In a vote that will have little consequence for the rest of the world, the British parliament have agreed by a narrow margin that they will stand idly by while President Assad of Syria gases his own people.
"I'm very proud of this moment," said Prime Minister David Cameron. "It was always going to be a tough decision on whether we should go to war or not, so I decided to let my colleagues decide. And since 51% of them said no, that's what we'll do."
The decision means that Britain will not take any part in any military action against Syria. It is thought that some MPs were worried that they might have to put up with the same sort of criticism that Tony Blair often has to put up with due to his decision to attack Iraq 10 years ago.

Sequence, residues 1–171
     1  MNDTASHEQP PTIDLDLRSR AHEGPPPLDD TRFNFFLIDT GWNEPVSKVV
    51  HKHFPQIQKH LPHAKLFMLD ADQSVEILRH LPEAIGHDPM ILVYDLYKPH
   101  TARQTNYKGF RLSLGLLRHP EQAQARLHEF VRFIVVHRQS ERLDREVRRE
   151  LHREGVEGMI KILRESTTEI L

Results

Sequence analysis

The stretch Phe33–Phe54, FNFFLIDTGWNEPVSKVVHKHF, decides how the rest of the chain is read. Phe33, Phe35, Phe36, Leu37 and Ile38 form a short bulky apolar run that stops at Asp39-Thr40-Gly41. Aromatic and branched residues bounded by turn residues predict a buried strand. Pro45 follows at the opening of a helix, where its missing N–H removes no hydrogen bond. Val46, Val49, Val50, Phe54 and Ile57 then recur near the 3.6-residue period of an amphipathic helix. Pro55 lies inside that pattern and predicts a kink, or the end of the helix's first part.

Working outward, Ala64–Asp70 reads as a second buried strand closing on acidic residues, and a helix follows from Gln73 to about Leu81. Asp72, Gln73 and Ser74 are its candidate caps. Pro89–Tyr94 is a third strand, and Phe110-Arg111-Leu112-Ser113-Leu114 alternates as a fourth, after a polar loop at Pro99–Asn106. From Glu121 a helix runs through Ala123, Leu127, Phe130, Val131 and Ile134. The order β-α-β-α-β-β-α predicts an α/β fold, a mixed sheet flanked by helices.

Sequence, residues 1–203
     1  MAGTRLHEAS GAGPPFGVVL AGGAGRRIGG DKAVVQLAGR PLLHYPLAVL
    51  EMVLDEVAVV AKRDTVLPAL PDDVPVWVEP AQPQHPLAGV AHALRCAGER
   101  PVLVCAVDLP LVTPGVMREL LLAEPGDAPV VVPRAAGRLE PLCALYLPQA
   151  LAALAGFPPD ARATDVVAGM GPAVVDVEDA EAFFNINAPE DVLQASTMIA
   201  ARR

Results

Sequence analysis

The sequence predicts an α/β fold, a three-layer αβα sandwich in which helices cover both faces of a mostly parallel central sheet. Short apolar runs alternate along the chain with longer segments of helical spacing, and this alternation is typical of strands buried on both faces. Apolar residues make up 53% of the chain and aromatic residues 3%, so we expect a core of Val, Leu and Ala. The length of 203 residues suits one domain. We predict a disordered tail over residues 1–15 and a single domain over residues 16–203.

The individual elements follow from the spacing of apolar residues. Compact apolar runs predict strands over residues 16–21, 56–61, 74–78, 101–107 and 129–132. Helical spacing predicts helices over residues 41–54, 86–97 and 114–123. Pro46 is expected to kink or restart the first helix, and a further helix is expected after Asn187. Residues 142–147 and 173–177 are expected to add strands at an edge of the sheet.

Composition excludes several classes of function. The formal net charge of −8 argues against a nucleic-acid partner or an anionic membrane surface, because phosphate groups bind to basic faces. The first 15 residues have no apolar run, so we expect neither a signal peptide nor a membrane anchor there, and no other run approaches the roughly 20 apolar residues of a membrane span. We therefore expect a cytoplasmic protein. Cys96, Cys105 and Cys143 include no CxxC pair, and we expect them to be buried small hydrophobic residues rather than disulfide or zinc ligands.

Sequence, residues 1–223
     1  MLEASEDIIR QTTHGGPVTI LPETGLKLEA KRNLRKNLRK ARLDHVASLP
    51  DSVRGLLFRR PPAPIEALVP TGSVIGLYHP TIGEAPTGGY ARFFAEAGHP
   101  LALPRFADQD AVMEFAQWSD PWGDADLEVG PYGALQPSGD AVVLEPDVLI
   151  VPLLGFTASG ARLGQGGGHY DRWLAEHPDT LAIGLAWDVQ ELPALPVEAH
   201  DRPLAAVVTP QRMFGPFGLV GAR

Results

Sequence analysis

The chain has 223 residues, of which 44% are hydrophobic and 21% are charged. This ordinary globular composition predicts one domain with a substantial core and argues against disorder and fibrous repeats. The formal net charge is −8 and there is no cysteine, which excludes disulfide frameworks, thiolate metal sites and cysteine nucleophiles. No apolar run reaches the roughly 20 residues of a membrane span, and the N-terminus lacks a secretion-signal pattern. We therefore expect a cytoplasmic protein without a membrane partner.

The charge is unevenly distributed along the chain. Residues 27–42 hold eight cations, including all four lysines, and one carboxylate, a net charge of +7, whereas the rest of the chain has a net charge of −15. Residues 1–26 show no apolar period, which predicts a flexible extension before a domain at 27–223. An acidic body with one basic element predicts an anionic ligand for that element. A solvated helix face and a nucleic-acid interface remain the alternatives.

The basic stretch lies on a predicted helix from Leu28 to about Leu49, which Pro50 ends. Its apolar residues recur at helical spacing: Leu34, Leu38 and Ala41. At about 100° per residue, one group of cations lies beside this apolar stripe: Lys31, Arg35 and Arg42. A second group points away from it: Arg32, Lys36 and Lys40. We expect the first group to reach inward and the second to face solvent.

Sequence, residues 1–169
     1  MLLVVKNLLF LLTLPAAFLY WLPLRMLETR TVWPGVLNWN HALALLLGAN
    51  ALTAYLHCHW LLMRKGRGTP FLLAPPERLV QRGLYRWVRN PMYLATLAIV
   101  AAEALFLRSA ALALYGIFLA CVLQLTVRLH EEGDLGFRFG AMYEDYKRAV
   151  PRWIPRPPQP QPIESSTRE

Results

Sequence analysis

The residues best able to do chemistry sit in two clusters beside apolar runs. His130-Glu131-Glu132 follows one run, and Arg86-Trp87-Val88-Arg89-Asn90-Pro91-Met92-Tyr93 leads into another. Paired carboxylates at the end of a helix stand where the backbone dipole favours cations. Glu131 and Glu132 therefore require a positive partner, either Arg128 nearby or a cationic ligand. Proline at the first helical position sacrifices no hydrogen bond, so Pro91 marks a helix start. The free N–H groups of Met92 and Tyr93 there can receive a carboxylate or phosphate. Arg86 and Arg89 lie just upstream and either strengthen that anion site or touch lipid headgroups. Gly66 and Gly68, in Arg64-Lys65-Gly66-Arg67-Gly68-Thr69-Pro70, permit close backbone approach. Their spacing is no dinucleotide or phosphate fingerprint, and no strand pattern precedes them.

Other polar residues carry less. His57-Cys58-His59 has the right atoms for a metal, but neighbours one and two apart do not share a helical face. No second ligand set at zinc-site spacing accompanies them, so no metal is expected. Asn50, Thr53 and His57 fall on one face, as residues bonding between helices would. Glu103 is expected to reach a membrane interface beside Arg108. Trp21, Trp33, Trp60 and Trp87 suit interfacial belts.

MP for Upper Dorking, Reginald Funt, said, "I don't want to receive a letter, say 5 years in the future, by somebody angry at a decision that I took part in. For an MP that would be unbearable."
This is despite the fact that any military action would likely have been a series of strikes targeting Syria's chemical weapons facilities and not a full-scale invasion. It is now thought that if the US needs backup for their operation they will have to rely on the French or Germans.
Pacifist commentator Walter St Goodfer said Britain had done the right thing. "When Assad slaughters his own people, Britain turns the other cheek."